In general, it is best to stencil on a smooth and even surface. Stenciling on a rough surface is difficult and might not produce the best results. If the surface you are stenciling on is rough, there are a few things you can do to make your stenciling project easier and more effective. Here are our expert stenciling tips for how to stencil on a rough surface.
The number one problem with stenciling on a rough surface is paint bleed. Paint bleed is when paint slips beneath the stencil template and blurs the stenciled design. You can prevent paint bleed by cleaning and smoothing the surface you want to stencil on, sealing it with a sealant and/or painting a base coat. Using the right stenciling technique is also important. Stenciling with too much paint can flood the stencil and cause paint bleed. Paint should be applied in multiple thin layers when stenciling. Keep reading to learn more about these stenciling tips:
Dust and dirt will keep the stencil template from sticking to the surface you want to stencil. Places where the stencil sticks up are places paint can bleed beneath the stencil. Always clean the surface you want to stencil before stenciling. You can wipe it down with a damp cloth, or use masking tape or a lint roller if you are stenciling on fabric. Just make sure you are stenciling on a clean surface.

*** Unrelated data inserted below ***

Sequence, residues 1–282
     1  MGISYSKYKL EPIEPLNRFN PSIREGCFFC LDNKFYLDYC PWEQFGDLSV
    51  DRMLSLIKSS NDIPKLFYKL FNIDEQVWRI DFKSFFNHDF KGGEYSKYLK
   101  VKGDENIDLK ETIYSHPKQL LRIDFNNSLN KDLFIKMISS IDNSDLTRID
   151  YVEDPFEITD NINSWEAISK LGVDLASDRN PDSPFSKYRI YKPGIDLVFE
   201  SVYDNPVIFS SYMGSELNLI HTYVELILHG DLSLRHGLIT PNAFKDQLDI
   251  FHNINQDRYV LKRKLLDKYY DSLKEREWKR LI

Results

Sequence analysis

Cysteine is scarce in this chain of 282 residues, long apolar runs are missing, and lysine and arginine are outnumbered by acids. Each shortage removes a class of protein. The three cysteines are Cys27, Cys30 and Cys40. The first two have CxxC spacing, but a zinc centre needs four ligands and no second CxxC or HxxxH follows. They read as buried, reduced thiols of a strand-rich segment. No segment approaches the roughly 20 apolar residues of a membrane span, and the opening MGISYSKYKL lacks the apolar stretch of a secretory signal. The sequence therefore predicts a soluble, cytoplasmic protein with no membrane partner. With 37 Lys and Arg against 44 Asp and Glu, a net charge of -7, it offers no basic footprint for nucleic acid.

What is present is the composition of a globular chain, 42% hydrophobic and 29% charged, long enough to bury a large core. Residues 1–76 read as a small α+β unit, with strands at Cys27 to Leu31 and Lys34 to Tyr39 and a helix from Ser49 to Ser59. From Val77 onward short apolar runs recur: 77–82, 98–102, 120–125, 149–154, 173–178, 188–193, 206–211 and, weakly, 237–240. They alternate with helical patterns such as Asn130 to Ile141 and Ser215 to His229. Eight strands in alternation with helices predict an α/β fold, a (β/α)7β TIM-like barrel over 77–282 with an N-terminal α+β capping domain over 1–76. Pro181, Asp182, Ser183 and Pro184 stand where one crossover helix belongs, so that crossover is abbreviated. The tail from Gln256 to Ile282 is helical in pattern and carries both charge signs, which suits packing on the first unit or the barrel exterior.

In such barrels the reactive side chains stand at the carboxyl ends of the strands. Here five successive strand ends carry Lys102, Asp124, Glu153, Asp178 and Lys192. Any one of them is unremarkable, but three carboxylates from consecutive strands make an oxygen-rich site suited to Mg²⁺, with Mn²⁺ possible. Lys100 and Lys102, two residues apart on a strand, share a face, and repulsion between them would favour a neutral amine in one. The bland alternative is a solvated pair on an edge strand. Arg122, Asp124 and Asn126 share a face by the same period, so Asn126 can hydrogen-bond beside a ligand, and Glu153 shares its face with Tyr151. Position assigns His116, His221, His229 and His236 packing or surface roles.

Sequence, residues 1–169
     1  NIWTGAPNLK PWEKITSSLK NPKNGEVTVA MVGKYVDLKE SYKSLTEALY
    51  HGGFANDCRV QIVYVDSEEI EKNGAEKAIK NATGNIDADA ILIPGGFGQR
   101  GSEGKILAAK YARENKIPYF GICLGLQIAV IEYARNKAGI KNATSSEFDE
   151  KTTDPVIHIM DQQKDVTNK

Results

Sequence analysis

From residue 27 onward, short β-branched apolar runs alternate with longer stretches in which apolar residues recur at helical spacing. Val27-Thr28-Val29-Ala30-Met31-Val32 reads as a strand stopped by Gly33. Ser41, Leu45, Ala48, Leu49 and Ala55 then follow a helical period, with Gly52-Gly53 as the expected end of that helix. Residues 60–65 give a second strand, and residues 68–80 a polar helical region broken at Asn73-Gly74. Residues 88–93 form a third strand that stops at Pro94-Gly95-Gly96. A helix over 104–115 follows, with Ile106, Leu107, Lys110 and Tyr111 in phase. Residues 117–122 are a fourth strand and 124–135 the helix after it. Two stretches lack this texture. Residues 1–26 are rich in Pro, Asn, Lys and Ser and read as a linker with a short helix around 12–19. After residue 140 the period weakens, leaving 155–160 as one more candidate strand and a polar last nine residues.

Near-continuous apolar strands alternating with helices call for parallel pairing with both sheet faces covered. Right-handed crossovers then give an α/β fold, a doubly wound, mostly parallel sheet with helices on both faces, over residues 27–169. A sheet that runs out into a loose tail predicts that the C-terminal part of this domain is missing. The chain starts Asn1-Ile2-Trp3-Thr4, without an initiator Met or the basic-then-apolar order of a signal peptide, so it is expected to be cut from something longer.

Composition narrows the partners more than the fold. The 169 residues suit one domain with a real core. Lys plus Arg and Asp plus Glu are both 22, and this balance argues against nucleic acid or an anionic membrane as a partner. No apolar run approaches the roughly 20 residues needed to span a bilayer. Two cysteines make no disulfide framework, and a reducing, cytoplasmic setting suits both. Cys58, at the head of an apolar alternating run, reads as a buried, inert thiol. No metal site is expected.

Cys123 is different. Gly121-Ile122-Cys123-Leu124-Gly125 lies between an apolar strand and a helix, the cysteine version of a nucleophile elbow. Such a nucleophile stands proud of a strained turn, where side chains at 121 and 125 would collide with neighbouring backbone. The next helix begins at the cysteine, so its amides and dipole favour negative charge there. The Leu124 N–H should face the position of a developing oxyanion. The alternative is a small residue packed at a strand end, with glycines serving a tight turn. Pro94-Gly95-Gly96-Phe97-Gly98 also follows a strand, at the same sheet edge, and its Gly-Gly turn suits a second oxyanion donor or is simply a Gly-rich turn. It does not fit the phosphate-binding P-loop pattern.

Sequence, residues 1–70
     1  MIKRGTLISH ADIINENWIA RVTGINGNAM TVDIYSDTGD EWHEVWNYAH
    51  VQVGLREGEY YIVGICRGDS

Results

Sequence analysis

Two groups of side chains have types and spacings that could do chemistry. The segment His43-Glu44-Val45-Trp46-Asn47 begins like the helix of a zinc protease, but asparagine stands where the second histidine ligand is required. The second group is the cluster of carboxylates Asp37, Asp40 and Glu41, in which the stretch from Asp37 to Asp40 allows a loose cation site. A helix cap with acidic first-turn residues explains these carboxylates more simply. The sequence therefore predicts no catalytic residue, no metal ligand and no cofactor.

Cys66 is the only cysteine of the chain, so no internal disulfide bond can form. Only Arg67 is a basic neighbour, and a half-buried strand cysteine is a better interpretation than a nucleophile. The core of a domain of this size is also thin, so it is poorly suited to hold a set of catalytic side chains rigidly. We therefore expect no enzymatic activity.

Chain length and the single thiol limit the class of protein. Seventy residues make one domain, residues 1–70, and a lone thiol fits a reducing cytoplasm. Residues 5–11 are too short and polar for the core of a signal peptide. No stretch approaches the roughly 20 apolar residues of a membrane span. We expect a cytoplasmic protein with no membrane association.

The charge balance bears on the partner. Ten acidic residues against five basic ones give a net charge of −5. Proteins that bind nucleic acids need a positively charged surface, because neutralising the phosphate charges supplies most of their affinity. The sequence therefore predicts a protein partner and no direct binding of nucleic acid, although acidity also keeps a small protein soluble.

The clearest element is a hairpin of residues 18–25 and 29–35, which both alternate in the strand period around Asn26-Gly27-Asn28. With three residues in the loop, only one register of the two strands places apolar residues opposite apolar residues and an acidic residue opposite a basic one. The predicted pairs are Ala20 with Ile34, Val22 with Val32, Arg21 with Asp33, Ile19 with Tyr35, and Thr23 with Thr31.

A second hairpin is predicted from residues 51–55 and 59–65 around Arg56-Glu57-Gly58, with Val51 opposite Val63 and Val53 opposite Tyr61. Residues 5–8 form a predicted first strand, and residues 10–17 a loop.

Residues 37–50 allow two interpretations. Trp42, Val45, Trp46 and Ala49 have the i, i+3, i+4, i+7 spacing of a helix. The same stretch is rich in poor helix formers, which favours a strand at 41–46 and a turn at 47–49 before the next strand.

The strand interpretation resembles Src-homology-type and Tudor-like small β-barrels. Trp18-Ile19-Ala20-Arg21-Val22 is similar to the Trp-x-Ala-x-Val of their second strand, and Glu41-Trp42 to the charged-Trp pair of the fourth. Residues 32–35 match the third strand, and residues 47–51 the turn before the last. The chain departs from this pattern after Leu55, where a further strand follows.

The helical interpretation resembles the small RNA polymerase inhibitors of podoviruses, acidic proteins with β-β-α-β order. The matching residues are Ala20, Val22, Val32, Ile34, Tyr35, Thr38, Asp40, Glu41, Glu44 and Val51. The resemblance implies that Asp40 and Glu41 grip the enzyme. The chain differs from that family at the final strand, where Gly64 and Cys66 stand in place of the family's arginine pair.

If you are stenciling on wood, you can sand and prime the wood before you stencil to create a smooth surface. If you are stenciling on concrete, walls, or another surface you can sand, do so before stenciling. Painting a base coat before you stencil can also help to smooth the rough surface you want to stencil.
If you can't sand or paint the surface you want to stencil, you can use a sealer spray to smooth it. The spray sealer will help to even out the surface you want to stencil. (If you are stenciling on cork or corkboard, we strongly recommend you seal the cork before stenciling).